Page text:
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Official: Average UK house price rose £27K last year

Christina Hoghton
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Christina Hoghton

House prices soared in 2021, boosted by the Stamp Duty holiday driving demand

UK average house prices increased by 10.8% in 2021, according to figures from the Office for National Statistics.

The average UK house price was £275,000 in December 2021, £27,000 higher than a year earlier.

Average house prices increased over the year in England to £293,000 (10.7%), in Wales to £205,000 (13.0%), in Scotland to £180,000 (11.2%), and in Northern Ireland to £159,000 (10.7%).

Alan Fitzpatrick, spokesperson for mortgage firm Habito, said: “This ONS data reflects the year of the Stamp Duty Holiday – from the first deadline in March, the extended deadline in June, and the lower threshold which was payable until the end of September. To put this incredible one-year price rise into more context, £27,000 would be the 2022 take-home salary post-tax, of someone earning £35,000 (more than the UK average full-time salary which is £31,285).

“But this rise in house prices is highly unlikely to be repeated again this year. Since this ONS House Price data was collected in December 2021, we’ve seen two base rate rises in two months from the Bank of England as they try to get a firmer grip on inflation. Base rate rises lead to more expensive mortgage rates, which should lower the demand for home buying and have a cooling impact on house prices.”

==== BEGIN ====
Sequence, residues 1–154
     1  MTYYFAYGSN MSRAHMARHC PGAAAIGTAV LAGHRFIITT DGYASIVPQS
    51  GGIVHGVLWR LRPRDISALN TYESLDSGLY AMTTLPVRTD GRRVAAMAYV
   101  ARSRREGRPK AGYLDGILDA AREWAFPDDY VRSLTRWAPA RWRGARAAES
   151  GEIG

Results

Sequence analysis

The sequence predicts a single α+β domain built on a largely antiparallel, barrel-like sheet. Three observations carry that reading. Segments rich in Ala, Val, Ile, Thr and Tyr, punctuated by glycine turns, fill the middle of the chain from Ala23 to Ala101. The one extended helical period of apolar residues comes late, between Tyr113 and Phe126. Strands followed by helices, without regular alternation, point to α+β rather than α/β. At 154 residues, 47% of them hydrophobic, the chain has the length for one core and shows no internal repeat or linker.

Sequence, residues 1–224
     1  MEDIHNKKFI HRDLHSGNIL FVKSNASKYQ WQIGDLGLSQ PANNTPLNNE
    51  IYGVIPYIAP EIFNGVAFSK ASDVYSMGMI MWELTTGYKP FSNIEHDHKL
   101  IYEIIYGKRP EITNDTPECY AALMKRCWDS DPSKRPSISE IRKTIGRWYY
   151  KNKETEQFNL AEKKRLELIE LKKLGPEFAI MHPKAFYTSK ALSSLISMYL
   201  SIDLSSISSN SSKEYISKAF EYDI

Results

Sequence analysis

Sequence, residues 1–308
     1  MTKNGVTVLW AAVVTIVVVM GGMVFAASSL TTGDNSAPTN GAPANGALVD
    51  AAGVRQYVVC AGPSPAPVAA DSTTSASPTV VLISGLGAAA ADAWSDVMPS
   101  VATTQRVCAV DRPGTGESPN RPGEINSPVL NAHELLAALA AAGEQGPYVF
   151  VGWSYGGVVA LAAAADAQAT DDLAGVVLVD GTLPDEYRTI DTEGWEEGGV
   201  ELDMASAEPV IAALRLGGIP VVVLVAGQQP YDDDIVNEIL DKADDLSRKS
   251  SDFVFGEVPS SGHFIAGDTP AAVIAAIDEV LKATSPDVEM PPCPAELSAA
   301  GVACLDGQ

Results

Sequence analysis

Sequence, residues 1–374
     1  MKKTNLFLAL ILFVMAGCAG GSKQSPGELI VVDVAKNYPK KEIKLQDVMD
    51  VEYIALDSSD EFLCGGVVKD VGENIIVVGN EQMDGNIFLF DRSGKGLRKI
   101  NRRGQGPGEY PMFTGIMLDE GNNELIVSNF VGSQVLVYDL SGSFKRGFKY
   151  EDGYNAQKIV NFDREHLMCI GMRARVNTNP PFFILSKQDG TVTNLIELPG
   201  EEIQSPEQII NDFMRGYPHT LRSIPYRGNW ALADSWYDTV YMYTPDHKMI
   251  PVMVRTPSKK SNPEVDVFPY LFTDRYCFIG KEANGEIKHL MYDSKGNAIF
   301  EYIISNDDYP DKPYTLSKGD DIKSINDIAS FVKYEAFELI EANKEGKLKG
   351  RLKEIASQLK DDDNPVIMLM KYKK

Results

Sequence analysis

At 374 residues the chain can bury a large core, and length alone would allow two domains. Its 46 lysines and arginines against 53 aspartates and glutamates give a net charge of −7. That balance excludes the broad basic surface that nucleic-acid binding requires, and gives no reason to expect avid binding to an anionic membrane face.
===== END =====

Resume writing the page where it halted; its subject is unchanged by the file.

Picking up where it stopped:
Paul Stockwell, chief commercial officer at Gatehouse Bank, added: “Persistent strong demand to move home coupled with low supply meant house prices soared again at the end of last year, but the housing market is beginning to look out of place with what is happening in the wider economy.

“Buyers continue to bid up the price of homes despite the cost of living squeeze, and there remains a strong pipeline of future borrowing, with mortgage approval rates recorded by the Bank of England last December still surpassing pre-pandemic norms.

“It’s a sign that buyers have a lot of faith in the resilience of the property market, and believe housing continues to offer a great deal of financial security, even at a time of wider economic uncertainty.”